Now Japan is Going After Apple’s App Store Too

Posted on September 4, 2020 by Paul Thurrott in Apple, iOS with 14 Comments

Today, the Fair Trade Commission in Japan said that it was investigating Apple for antitrust abuse related to its iPhone App Store. The investigation is just the latest in a very long and growing list of probes of Apple and its illegal business practices.

News of the investigation comes via Bloomberg, which notes that Apple came to the attention of JFTC thanks to Epic’s legal battle with the consumer electronics giant. And as is the case everywhere in the world, news of possible antitrust action against Apple has brought a legion of complaints from heretofore silent developers.

Japan, of course, is a quirky and socially compliant country, and developers there are used to 30 percent fees, since they date back to Nintendo’s dominance of the video game industry starting in the 1980s with the Famicon, which was marketed in the U.S. as the Nintendo Entertainment System (NES). But Japanese developers take great exception to the many other issues that have already been raised by Epic and the many others complaining about Apple’s business practices. Among them, Bloomberg notes, are Apple’s inconsistent enforcement of its own App Store guidelines, unpredictable content decisions, and lapses in communication.

“Apple’s app review is often ambiguous, subjective, and irrational,” said Makoto Shoji, the founder of PrimeTheory. His company created iOS Reject Rescue, a service that helps developers navigate through Apple’s “unpredictable” app approval process. “Apple’s response to developers is often curt and boilerplate, but even with that, you must be polite on many occasions, like a servant asking the master what he wants next.”

Other Japanese game developers contacted by Bloomberg note that while the Apple App Store approval process is “particularly problematic,” the approval process over at Google’s Android Play Store tends to be smoother, with better communication. Developers complained that Apple sometimes takes weeks to review apps. And one studio noted that it had to give up hosting seasonal in-game events, which generate big revenues, because Apple didn’t respond to their update review request for over a month.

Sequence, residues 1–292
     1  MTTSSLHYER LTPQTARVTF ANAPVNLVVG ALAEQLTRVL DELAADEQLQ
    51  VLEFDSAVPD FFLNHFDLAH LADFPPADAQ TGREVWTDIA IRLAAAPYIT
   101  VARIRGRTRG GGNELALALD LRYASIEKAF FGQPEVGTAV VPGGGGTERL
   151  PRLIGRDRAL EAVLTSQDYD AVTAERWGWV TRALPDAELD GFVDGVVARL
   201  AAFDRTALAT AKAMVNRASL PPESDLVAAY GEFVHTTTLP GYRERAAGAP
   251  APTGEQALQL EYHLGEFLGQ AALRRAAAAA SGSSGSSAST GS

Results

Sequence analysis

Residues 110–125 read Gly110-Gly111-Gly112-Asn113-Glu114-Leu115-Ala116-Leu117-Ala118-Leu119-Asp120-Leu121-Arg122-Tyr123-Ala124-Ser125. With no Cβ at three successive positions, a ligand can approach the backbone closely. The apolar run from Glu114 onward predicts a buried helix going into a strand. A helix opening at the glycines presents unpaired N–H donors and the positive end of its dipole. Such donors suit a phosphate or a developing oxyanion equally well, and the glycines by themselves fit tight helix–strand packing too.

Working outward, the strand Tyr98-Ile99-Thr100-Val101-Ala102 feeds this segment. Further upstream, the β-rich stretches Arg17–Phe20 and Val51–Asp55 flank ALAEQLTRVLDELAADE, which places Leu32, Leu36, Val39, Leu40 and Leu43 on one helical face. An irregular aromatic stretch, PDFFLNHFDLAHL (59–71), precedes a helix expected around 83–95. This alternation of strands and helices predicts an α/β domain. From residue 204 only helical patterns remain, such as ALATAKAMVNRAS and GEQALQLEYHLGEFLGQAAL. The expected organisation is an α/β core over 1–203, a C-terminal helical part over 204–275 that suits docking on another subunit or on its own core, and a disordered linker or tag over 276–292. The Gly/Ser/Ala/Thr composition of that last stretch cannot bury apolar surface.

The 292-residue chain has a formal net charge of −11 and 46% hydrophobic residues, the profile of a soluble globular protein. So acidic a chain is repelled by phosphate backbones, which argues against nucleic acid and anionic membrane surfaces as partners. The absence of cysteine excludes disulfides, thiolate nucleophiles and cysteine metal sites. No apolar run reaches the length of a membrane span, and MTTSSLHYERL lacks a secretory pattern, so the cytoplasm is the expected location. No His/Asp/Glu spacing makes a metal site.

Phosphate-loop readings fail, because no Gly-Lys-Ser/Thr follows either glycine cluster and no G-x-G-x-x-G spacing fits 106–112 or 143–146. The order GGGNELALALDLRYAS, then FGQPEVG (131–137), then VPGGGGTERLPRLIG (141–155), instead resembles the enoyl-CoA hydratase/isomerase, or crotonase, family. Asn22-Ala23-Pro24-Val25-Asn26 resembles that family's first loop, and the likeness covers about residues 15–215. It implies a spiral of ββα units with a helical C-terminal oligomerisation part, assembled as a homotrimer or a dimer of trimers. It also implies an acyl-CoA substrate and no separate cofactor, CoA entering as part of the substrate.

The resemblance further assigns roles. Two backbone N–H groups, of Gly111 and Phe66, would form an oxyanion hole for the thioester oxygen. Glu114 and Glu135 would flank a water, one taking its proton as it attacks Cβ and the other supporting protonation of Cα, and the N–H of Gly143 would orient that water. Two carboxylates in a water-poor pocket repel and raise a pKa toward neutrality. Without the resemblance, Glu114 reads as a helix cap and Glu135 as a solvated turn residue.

“While Apple will never admit it, I think there are times when they simply forget an item’s in the review queue or they intentionally keep it untouched as a sanction to a developer giving them the wrong attitude,” Shoji told Bloomberg.

“Apple is a sheriff who sometimes makes unfair interpretations of the guidelines for its own benefit,” Tokyo-based games consultant Hisakazu Hirabayashi says.

“I want from the bottom of my heart Epic to win,” game maker Hironao Kunimitsu adds, alluding to Epic’s legal battles with Apple, which could prove precedent-setting.

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Comments (14)

14 responses to “Now Japan is Going After Apple’s App Store Too”

  1. Andi

    In Japan if I'm not mistaken Apple has an even higher marketshare than the US. Stat counter has it at 63%. I don't have a history of anti-trust lawsuits in Japan but Apple surely is more vulnerable there.